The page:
Everything Old is New Again

No, this post isn’t about recycling, unless you’re talking about recycling some old knowledge and putting it to good use. See, many, many, MANY years ago when I started high school I was placed in an introductory art class (hard to avoid with a last name like “Painter”). I then continued with my arty education and by junior year was in Advanced Art (which is just a fancy way of saying, “You’re willing to pay for your own supplies.”).

In Advanced Art we learned how to work with acrylic paints. I loved working with them, but when I stopped doing much in the way of art, I locked my paints away. Fast forward to more recent years and for some reason, my acrylic paints just didn’t call to me. I tried pastels, watercolors, and then found my niche in colored pencils.

I don’t know what art bug started gnawing at my brain a couple weekends ago, but something nagged at me to get out the acrylics and try them again. And I’m so glad I didn’t ignore that naggy little bug!

First Up – An Abandoned Project

Taken at the same time as the image I used for Gazing Ball, I had this photo of some ferns and coleus I really wanted to draw, but the colors were just not working with colored pencil.

The photo from Seattle's Volunteer Park Conservatory.

The photo from Seattle’s Volunteer Park Conservatory.

The coleus looked nice, but just didn’t have the intensity I wanted, so I put the piece aside.

The abandoned colored pencil attempt.

The abandoned project.

Okay, this may have been a rather complex image to try a “new” medium/technique with, but nothing like jumping right in. I pulled out my giant box of acrylics and a piece of Claybord I had laying around and got to work. Mr. Husband had to hear repeatedly, “This is so FAST!” as I filled in a background in less than an hour (work that would have taken days with colored pencils)

No hand cramps! No eye strain!

No hand cramps! No eye strain!

I had a little trouble getting a sense of depth (which I tried to resolve with a few washes of blues for the background and yellow for the foreground), but overall it didn’t come out for a renewed attempt at an old skill.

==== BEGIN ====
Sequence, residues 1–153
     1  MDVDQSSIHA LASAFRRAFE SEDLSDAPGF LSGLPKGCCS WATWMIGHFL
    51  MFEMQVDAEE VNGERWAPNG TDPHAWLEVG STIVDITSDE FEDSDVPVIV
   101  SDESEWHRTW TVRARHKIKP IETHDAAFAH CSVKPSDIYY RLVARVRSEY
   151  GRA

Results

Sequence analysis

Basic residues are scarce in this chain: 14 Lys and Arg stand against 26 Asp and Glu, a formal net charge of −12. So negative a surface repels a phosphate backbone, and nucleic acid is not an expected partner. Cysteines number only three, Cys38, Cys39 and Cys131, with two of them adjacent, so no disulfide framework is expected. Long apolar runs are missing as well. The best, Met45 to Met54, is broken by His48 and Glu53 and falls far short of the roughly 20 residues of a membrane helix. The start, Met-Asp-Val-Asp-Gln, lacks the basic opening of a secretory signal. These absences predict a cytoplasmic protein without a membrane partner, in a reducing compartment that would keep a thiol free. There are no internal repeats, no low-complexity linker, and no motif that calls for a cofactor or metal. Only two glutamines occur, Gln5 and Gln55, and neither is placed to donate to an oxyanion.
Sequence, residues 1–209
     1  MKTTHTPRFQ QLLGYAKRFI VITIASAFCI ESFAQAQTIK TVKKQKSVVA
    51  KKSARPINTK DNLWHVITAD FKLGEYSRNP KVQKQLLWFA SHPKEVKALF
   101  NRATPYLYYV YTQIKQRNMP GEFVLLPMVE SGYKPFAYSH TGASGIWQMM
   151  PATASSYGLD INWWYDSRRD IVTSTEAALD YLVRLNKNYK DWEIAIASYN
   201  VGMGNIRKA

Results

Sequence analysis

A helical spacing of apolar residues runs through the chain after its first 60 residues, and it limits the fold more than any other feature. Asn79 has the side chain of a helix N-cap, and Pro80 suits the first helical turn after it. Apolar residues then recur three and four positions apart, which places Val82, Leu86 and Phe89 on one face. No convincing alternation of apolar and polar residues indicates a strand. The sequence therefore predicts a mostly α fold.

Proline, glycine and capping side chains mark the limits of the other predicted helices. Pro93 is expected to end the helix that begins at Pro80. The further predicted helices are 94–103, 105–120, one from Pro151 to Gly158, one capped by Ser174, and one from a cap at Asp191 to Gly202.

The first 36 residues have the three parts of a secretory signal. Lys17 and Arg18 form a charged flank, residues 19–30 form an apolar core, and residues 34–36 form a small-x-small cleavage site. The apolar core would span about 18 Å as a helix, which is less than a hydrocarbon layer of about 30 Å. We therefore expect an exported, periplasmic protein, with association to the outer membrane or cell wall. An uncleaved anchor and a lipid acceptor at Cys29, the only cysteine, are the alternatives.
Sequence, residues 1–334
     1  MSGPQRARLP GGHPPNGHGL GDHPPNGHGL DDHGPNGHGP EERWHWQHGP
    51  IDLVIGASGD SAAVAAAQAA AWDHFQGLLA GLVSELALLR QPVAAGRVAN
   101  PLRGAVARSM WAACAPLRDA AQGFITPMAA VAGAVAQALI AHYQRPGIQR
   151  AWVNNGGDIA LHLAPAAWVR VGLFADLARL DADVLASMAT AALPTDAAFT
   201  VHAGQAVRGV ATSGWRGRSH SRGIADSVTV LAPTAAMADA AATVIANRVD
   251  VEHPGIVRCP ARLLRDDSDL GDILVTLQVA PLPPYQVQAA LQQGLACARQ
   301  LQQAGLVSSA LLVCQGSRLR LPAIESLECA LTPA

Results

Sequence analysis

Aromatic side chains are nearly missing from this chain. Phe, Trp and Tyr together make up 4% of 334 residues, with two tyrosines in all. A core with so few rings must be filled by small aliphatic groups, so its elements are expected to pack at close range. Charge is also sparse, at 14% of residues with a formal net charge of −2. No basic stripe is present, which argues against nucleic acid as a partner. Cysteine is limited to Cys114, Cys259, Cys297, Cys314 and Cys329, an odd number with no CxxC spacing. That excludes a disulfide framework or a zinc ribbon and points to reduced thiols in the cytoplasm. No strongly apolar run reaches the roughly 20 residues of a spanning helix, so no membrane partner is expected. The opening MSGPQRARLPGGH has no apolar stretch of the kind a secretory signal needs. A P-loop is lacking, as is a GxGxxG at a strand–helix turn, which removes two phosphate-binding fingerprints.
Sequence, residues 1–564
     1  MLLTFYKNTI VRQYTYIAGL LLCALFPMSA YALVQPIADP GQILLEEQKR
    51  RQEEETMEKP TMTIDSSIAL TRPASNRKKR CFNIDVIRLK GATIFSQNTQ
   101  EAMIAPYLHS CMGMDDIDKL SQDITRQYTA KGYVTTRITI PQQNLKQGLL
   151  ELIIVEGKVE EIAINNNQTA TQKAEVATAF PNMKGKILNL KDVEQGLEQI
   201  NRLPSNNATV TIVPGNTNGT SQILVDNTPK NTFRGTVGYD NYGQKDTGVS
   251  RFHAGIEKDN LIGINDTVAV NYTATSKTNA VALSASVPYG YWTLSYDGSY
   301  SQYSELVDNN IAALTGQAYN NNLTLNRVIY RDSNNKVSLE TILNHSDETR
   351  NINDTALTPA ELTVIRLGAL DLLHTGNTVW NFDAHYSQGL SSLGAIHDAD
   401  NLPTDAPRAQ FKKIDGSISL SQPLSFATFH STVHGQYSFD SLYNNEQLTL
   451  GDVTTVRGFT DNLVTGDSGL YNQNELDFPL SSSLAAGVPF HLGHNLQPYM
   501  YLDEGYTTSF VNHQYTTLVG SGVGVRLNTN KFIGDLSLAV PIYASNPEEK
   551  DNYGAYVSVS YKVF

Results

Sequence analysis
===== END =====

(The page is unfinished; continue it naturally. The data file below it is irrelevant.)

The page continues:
acrylic paint, painting, art, coleus, botanical art

Ooh, so bright!!

Let’s Go Shopping

Although I did have another piece of Claybord, I wanted to try my hand at some work on canvas (easier for hanging). I didn’t have any stretched canvases laying around and (rather conveniently) the art store nearby had a huge sale going on. I bought a small canvas for practice and a square one that I hoped wouldn’t end up being shoved to the back of the closet.

Claybord is super smooth, so the texture of the canvas was a bit odd to work with, but I quickly got used to it and whipped out a couple fish (apologies for the weird lighting/glare on this one).

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Practice Time is Over

With two projects done, it was time to attempt something a bit harder. My mom has been going on and on that I should do a pelican because she likes watching them from her house at the Oregon Coast. Okay, well, I don’t really know how to do birds and I barely remember how to paint with acrylics, so the challenge was on!

I found this handsome picture of a brown pelican by Sandy Scott and thought it would fit perfectly on the square canvas:

Brown Pelican -Image by Sandy Scott

Brown Pelican -Image by Sandy Scott